A human-specific allelic group of the MHC DRB1 gene in primates
Yoshiki Yasukochi (University of Tsukuba)
Yoko Satta (The Graduate University for Advanced Studies)
Paper short abstract:
To investigate how and why modern humans have adapted to endemic pathogens, we examined the polymorphism at primate DRB1, which encode a protein playing an important role in pathogen recognition. We found the presence of a human specific allele group that has been maintained in the population before the divergence from chimpanzees.
Paper long abstract:
Modern humans live in a wide variety of environments, from polar to tropical regions. The endemic pathogens in these areas differ, and humans are possible to be infected by these pathogens. Modern humans disseminated across the world from Africa 100,000 to 50,000 years ago and have adapted to regions with various endogenous pathogens. On the other hand, chimpanzees have remained in Africa since their divergence from humans approximately 6 million years ago. This begs a question of how modern humans acquired resistance to a variety of pathogens in different environments. In the present study, we examined phylogenetic relationships among primate alleles of the major histocompatibility complex (MHC) DRB1 gene, which is an important genetic system for protection against infectious disease. The analysis identified two major groups of HLA-DRB1 alleles, Groups A and B, and demonstrated that Group A was a human-specific. Our estimates of divergence time of these alleles suggested that HLA Group A alleles have been maintained in the human population before the divergence of humans and chimpanzees. On the other hand, most orthologs of HLA Group A alleles have been lost in the chimpanzee probably due to changes in selective pressures. Three HLA Group A alleles have likely increased in frequency among human populations after their out-of-Africa event, suggesting that these HLA molecules contribute to the local adaptation of humans.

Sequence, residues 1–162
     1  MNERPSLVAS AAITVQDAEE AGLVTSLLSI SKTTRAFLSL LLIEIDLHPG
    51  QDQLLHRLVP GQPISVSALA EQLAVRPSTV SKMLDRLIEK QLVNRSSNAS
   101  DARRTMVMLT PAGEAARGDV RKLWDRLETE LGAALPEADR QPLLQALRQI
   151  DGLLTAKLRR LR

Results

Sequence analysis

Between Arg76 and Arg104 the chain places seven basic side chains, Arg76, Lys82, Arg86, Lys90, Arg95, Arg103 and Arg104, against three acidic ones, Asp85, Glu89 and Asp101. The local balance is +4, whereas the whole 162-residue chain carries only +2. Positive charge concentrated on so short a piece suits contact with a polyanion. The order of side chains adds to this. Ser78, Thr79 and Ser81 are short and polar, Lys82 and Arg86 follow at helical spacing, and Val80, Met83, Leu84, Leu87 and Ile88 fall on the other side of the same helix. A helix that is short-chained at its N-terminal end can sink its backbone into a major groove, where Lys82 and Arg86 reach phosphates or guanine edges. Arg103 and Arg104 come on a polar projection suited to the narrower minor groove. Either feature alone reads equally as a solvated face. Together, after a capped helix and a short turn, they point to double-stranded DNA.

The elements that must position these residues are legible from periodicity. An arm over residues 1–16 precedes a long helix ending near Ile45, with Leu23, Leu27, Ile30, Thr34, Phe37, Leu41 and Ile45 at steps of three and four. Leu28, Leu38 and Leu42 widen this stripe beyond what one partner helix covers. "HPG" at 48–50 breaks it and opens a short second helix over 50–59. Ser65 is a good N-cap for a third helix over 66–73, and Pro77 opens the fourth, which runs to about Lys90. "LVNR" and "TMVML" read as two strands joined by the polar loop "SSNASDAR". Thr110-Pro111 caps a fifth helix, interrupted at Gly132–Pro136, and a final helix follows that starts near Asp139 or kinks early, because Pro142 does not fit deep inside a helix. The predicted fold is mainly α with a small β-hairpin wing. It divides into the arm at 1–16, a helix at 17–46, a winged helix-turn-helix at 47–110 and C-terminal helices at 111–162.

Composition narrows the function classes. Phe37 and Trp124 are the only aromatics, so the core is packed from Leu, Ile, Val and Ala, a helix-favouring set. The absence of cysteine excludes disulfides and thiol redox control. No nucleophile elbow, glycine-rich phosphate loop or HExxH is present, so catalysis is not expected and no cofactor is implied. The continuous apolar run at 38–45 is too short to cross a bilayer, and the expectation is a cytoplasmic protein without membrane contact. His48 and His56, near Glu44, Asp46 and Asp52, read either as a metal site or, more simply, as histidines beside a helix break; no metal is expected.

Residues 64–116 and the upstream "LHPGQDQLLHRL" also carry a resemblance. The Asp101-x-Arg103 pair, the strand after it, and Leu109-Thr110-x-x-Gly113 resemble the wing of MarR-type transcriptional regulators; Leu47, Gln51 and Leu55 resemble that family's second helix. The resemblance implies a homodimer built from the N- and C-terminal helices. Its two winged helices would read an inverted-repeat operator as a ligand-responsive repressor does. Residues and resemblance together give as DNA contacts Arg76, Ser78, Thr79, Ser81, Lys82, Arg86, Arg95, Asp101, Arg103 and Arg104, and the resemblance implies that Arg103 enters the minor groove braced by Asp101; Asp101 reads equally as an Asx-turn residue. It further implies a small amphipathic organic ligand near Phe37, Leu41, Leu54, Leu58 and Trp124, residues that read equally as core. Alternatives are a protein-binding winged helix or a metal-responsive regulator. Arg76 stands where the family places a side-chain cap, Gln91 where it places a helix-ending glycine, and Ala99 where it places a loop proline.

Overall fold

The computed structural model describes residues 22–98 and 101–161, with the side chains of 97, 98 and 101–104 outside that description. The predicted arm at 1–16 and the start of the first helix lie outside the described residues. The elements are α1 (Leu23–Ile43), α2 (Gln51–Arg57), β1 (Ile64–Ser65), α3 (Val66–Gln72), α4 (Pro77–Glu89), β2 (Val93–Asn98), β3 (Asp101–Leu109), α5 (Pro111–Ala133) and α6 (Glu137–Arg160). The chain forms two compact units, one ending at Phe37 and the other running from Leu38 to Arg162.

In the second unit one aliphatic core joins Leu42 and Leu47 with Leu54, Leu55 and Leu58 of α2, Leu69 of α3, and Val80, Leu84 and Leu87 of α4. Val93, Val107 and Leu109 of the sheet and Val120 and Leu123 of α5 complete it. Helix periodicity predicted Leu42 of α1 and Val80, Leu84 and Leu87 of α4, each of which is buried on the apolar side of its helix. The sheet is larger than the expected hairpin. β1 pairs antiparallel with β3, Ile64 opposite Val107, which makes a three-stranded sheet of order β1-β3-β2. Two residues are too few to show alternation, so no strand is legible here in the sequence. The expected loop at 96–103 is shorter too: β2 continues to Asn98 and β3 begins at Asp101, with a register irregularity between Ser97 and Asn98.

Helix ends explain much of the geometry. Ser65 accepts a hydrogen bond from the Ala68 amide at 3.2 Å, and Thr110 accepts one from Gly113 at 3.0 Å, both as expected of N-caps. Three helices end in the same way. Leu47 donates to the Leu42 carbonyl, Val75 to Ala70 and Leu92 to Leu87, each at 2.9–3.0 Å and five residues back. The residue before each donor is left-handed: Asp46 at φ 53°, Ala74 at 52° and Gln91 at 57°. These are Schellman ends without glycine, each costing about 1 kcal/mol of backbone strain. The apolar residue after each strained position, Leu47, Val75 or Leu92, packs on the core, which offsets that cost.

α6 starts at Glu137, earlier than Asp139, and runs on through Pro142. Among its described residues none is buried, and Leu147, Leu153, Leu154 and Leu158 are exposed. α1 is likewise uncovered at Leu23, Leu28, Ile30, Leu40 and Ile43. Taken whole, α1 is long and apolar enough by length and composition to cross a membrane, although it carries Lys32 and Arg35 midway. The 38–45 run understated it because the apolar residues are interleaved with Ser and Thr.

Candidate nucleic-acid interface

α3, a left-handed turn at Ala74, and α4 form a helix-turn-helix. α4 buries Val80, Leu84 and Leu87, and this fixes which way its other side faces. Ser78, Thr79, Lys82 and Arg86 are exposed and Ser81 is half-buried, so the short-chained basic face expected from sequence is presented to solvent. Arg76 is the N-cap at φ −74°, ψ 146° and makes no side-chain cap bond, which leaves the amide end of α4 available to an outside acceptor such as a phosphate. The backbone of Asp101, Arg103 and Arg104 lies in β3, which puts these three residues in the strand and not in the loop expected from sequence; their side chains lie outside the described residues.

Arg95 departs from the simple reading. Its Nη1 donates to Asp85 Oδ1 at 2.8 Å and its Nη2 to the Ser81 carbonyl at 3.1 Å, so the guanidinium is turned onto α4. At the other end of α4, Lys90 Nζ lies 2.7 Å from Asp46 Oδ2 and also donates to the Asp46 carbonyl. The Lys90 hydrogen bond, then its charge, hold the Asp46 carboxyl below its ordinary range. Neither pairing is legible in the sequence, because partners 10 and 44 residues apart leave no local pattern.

Environment and adaptation in human evolution (JSPA panel) (CLOSED)